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BRAZIL: An Introduction to Intellectual Property

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BRAZIL – INTELLECTUAL PROPERTY 

1. International Treaties 

Brazil is signatory to major international IP treaties, including (i) the Paris Convention for the Protection of Industrial Property, (ii) the Agreement on Trade-Related Aspects of Intellectual Property Rights (the TRIPS Agreement), (iii) the Patent Cooperation Treaty (PCT), (iv) the Berne Convention for the Protection of Literary and Artistic Works, (v) the Rome Convention for the Protection of Performers, Producers of Phonograms and Broadcasting Organisations, (vi) the Nice Agreement Concerning the International Classification of Goods and Services for the Purposes of the Registration of Marks, (vii) the Strasbourg Agreement Concerning the International Patent Classification, (viii) the Vienna Agreement Establishing an International Classification of the Figurative Elements of Marks, (ix) the UPOV Convention, and (x) the WIPO Convention.

As for trade mark law treaties, Brazil is not yet signatory to the Madrid Protocol. In recent years, there have been positive moves towards accession to the Protocol. The draft Accession Agreement is currently before the Office of the Presidential Chief of Staff (Casa Civil), pending submission to the National Congress.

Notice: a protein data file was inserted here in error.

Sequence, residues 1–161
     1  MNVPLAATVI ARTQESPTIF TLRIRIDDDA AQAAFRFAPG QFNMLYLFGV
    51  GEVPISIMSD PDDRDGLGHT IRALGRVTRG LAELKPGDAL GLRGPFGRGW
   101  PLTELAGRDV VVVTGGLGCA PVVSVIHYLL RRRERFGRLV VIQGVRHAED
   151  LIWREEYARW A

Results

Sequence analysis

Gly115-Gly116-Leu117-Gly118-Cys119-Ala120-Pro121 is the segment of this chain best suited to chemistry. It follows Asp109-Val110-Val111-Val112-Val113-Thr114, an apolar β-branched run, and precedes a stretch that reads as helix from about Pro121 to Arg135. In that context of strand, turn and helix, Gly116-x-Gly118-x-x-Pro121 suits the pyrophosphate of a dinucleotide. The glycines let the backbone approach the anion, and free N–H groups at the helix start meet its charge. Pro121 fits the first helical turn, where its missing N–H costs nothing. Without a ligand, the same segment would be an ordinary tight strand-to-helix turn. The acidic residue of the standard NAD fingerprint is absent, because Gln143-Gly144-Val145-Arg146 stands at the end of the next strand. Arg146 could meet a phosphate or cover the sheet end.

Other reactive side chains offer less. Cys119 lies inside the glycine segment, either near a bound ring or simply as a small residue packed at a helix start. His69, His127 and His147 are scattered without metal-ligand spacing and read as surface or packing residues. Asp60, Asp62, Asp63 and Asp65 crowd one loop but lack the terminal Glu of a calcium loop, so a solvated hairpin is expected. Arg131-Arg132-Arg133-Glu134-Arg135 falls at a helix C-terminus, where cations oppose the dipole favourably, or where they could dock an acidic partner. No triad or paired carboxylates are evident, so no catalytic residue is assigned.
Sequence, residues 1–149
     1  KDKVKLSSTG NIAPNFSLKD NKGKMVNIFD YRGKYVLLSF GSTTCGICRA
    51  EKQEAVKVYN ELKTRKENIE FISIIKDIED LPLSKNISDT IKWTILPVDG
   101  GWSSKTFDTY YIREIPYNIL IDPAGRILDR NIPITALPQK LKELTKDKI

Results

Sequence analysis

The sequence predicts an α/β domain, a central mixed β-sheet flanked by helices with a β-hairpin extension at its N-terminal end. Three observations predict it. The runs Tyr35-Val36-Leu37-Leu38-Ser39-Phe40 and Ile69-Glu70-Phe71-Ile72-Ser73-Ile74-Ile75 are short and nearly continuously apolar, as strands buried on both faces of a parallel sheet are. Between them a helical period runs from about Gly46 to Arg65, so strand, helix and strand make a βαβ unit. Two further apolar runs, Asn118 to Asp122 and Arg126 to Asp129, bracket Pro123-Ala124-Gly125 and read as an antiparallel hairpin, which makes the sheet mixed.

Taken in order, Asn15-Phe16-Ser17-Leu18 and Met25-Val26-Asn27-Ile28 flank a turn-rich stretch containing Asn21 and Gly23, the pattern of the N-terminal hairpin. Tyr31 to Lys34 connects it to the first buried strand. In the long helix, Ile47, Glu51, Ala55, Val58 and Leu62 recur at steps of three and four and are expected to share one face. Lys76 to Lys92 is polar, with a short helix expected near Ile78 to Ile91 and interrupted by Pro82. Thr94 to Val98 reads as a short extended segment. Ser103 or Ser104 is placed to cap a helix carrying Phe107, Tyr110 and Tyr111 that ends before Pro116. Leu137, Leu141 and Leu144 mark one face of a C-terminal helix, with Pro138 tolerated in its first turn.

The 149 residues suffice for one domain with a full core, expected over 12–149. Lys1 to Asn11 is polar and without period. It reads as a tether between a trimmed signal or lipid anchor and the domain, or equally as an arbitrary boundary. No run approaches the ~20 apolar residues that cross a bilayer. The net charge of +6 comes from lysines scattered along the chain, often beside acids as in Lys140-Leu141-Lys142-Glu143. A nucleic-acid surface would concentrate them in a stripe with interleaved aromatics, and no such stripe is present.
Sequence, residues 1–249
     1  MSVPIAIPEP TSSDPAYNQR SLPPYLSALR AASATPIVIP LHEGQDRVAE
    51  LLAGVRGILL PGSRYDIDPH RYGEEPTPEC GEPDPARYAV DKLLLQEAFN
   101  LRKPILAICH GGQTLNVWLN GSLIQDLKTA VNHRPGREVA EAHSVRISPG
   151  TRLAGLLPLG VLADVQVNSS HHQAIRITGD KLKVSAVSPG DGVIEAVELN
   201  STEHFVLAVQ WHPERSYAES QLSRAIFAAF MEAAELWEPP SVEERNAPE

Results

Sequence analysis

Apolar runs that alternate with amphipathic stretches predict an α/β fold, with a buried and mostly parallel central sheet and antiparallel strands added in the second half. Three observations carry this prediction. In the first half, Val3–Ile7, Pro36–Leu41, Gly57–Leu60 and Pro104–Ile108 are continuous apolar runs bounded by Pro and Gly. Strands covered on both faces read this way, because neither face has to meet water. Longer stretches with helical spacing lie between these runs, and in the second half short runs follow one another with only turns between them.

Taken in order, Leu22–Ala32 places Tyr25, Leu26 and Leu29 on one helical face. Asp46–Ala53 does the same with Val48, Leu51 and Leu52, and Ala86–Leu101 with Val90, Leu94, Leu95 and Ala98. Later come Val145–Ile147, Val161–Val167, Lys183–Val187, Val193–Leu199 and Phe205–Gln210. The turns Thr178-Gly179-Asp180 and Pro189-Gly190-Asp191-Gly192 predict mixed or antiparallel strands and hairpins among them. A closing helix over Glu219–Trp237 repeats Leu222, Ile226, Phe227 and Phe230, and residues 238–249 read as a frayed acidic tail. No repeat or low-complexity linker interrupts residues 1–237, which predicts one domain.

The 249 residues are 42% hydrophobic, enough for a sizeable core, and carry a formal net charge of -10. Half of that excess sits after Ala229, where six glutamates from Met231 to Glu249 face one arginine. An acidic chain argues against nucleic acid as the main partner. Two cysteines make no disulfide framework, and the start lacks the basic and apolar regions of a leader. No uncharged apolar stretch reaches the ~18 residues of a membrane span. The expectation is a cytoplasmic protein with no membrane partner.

2. National Laws 

In Brazil, the provisions of trade mark, patent, design and unfair competition law are collectively set out in the Brazilian Industrial Property Law (Law No. 9,279 of May 14, 1996, “BIPL”). Of note regarding copyright and software law are the Brazilian Copyright Law (Law No. 9,610 of February 19, 1998, “BCL”) and the Brazilian Software Law (Law No. 9,609 of February 19, 1998, “BSL”), respectively.

In general, Brazilian IP laws apply to nationals of, or persons domiciled in, a country that grants Brazilians or persons domiciled in Brazil equal or equivalent rights under the laws of that country.

The BIPL regulates rights and obligations regarding patents (for inventions and utility models), industrial designs, trade marks, geographical indications, technology transfer agreements and the repression of unfair competition. The BCL, in turn, regulates the rights over literary and artistic works, as well as neighbouring rights. The BSL sets out provisions for the protection of intellectual property rights pertaining to computer programs and their sale in this country.

Responsibility for the registration of trade marks, patents, industrial designs and software, as well as the registration of licensing agreements, lies with the Brazilian Patent and Trade Mark Office, known in Portuguese as the Instituto Nacional da Propriedade Industrial (INPI). The INPI is a government agency under the auspices of the Ministry of Development Industry and Foreign Trade (MDIC). Its main function is the management of the Brazilian system for the concession of intellectual property rights. Works protected under the Copyright Law, depending on their nature, shall be registered with other different public bodies, such as the National Library or the Music School of the Federal University of Rio de Janeiro.